Guest Essay: A response to the horrified horror fan

Sept. 16, 2009 | 10:12 p.m.

Gina McIntyre, the pop music editor at the Los Angeles Times, wrote a sharp guest essay for Hero Complex taking Hollywood to task for its current stab-first-and-ask-questions-later approach to remaking horror films. She was especially distressed to hear that “Mother’s Day” was getting another whack at the American moviegoers. Now, here’s a response by Shara Kay, co-producer of the upcoming film:

Gina, I appreciated your essay, “Horror Remakes” and the strong points you made, but as a woman and co-producer on Darren Lynn Bousman’sMother’s Day,” I feel obliged to respond.

I share your passion for the genre, as do many women; in fact women now make up 52% of the overall audience for horror films. That said, the new “Mother’s Day” is very different from — and only loosely inspired by — the 1980 film directed by Charles Kaufman.

Ours is, at its core, a battle of wits between two female heroes (Rebecca De Mornay and Jaime King). The details of the plot have to be kept under wraps, but I can tell you that it revolves around strong female characters and the lengths to which they will go to protect what is dearest to them.

Again, I appreciate your interest in the film and only ask that you reserve judgment until you’ve seen it.  I think you’ll agree Darren’s approach is not what you expected.

– Shara Kay

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Comments


4 Responses to Guest Essay: A response to the horrified horror fan

  1. stonecypher says:

    Great response, Shana! I think that an independently produced labour of love like Mother's Day should be praised, and not lumped in with the vast majority of horror remakes which do, to be fair, suck. The reason they suck is because they're passionless, cynical films which are out to make money. While I'm naturally going to reserve judgement of the film until I've seen it, I have so much more faith in Darren Bousman and the people he's working with to do something interesting with their 'remake' than the majority of remakes out there.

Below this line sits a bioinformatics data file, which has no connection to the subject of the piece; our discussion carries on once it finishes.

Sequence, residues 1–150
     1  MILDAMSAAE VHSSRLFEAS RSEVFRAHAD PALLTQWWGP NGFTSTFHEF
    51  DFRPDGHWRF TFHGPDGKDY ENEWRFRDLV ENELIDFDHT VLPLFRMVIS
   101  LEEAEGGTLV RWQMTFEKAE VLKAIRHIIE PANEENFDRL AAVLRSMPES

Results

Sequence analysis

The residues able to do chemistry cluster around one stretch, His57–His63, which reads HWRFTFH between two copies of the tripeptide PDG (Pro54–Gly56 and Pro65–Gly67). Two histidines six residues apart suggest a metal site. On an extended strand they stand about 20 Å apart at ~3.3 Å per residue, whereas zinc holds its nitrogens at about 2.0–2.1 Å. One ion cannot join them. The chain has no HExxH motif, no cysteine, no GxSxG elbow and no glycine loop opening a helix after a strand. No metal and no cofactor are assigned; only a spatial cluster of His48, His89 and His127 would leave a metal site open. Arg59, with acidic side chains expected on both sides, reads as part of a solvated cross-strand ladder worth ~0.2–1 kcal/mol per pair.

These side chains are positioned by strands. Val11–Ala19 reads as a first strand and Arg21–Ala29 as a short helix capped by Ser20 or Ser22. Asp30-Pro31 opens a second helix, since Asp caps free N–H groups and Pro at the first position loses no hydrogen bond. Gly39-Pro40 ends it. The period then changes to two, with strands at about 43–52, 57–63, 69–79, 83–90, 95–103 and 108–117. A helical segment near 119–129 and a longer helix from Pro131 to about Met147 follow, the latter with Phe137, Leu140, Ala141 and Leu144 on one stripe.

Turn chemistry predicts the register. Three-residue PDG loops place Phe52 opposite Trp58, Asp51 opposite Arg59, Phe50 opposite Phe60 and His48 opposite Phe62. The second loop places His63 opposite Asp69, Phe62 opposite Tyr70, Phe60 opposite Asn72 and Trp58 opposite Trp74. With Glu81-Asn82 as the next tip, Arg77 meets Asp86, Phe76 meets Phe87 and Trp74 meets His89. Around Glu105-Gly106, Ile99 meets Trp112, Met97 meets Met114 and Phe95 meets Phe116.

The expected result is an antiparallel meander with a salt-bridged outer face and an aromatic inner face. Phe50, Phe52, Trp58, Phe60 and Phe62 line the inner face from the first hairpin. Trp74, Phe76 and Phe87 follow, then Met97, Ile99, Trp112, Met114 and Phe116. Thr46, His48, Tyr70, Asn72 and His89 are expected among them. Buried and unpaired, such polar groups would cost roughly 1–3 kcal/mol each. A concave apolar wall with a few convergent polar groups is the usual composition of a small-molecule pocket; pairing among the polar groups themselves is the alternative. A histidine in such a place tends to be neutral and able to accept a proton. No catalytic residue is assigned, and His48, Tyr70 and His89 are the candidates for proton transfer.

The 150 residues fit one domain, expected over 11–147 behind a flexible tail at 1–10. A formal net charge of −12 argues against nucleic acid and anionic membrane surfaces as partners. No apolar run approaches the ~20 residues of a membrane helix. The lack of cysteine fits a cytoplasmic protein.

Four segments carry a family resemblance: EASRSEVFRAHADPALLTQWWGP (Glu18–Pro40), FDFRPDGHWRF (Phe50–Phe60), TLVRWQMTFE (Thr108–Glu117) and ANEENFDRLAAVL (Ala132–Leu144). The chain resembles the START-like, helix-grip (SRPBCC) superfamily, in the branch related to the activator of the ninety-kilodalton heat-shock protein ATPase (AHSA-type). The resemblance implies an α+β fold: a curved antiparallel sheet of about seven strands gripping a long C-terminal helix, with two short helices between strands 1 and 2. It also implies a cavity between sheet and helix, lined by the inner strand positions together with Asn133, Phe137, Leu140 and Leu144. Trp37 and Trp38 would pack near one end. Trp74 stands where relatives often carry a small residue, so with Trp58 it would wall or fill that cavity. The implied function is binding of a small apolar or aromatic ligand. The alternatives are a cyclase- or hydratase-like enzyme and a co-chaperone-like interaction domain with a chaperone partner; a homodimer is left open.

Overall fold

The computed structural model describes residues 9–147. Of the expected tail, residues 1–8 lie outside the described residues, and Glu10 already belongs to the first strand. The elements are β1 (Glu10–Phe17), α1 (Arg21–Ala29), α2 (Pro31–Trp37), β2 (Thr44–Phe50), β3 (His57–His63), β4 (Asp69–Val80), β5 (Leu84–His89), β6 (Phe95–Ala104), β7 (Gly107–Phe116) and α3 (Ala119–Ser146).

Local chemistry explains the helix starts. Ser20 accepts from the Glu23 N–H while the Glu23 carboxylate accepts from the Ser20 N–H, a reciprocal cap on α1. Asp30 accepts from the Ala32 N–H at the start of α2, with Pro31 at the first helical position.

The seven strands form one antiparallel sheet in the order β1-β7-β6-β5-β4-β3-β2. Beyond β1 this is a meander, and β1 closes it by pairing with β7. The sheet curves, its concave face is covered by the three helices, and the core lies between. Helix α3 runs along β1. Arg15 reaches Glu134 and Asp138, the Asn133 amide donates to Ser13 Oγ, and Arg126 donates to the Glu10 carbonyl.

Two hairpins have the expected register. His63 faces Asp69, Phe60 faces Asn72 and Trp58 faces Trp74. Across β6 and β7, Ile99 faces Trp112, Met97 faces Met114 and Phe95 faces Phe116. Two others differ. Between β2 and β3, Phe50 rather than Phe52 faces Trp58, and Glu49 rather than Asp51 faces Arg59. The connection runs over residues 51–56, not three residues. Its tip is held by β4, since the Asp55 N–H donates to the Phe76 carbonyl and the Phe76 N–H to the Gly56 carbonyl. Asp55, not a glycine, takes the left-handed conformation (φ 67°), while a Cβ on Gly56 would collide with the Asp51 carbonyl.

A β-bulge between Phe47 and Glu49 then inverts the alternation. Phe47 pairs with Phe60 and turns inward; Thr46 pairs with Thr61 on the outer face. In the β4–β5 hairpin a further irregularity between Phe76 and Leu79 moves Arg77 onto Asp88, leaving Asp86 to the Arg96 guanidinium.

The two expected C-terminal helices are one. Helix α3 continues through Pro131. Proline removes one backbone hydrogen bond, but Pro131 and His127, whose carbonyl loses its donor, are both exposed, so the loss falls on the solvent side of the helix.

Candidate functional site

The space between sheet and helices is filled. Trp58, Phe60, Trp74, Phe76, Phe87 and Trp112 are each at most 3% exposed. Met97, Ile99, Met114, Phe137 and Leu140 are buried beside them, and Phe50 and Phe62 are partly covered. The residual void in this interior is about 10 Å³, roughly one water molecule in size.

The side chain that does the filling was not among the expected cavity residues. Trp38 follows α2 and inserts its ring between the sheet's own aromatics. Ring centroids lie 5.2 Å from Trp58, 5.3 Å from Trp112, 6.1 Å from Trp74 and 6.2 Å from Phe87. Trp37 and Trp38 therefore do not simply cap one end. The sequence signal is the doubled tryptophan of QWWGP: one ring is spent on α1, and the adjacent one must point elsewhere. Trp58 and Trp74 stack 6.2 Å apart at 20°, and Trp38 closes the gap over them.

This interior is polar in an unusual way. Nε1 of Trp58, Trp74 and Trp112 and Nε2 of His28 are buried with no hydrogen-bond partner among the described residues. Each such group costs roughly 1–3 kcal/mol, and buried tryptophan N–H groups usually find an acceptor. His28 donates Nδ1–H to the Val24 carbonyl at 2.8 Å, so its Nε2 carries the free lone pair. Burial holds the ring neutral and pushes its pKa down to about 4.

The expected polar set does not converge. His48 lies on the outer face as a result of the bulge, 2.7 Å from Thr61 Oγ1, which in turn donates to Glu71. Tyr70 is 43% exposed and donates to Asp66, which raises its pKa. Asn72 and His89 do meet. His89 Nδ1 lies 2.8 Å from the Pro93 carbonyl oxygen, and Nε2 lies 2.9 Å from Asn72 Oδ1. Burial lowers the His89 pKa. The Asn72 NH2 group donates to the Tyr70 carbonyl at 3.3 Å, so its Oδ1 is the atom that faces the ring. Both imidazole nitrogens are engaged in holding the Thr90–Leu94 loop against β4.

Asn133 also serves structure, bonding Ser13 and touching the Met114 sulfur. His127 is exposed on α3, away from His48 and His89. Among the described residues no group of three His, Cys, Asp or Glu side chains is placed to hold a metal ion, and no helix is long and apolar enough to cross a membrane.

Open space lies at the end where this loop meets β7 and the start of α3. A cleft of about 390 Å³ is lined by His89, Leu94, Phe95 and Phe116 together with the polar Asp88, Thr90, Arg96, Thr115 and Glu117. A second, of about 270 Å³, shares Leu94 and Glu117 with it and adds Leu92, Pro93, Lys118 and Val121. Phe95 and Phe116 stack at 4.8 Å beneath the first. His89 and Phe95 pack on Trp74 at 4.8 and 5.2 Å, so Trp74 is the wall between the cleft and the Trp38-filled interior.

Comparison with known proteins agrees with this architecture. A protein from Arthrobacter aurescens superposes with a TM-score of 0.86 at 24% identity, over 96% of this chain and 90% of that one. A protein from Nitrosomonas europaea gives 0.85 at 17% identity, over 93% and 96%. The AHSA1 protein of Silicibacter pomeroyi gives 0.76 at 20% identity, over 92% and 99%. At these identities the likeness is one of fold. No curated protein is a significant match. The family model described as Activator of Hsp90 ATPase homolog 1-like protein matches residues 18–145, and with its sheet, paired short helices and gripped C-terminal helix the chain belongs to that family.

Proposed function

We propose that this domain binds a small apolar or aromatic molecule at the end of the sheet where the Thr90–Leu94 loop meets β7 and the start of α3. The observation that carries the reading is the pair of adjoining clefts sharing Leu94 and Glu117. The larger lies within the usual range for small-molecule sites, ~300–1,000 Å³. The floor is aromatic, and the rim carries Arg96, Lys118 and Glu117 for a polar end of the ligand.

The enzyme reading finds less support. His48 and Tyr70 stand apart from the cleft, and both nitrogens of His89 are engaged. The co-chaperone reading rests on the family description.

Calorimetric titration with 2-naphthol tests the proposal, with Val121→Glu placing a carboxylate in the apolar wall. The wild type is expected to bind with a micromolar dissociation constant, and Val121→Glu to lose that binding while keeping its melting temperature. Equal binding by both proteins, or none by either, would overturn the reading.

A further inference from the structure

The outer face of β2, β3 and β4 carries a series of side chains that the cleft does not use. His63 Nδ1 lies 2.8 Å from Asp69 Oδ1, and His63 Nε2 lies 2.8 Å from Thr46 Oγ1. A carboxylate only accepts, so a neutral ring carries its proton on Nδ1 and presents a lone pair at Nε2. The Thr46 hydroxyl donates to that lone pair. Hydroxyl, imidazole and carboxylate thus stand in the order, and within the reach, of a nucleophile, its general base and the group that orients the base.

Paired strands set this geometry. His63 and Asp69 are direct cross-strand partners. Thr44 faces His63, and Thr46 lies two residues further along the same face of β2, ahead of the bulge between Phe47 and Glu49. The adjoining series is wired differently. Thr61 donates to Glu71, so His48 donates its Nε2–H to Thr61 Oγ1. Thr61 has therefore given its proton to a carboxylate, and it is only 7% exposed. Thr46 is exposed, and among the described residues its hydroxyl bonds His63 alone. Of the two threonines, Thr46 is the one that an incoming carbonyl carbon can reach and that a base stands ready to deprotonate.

2. ClipOnGirl says:

    So glad to see this response receive equal time. First of all, how can Ms. McIntyre possibly discuss/deride a film she hasn't even seen yet and knows next to nothing about (since Bousman is being very tight-lipped about it, even to the genre websites and his fans)? And secondly, there's something I'll never understand about one particular criticism that is so often directed at horror: that it debases women. Why is violence against men basically fine, but as soon as a woman is involved, then it becomes about nothing but shock value and titillation? As a woman myself, it disturbs me to see another woman play the victim card, especially since in so many horror films, particularly nowadays, it's a woman who usually triumphs over the person doling out the evil.
    Yes, we fans are just sick of the parade of remakes as you are, Ms. McIntyre, but most of us are willing to give every project a chance at least before writing it off as nothing more than "violent pornography" sight unseen.

  3. Melissa says:

    What I want to know is if all these remakes are always "different from — and only loosely inspired by — insert original film here", why don't they just title it something else instead of raping someone else's coattails?
    The Last House on the Left was "loosely inspired" by The Virgin Spring. Wes Craven didn't end up with a remake, he ended up with a legendary movie in his own right. Why can't new directors just get it?

  4. DemenTED says:

    First off "Melissa" Hollywood isn't very interested in specs or original productions anymore. They want name brand. That's the reality of the business in most circles. Don't like it? Don't watch it. Send a message. But the truth is, remakes have been around since the start of cinema. So stop your bitching. Second of all, why the hell does anyone care what a third rate music critic thinks about horror ? Her opinion, just as this no-name co-producer Shara, has no cred when it comes to horror.

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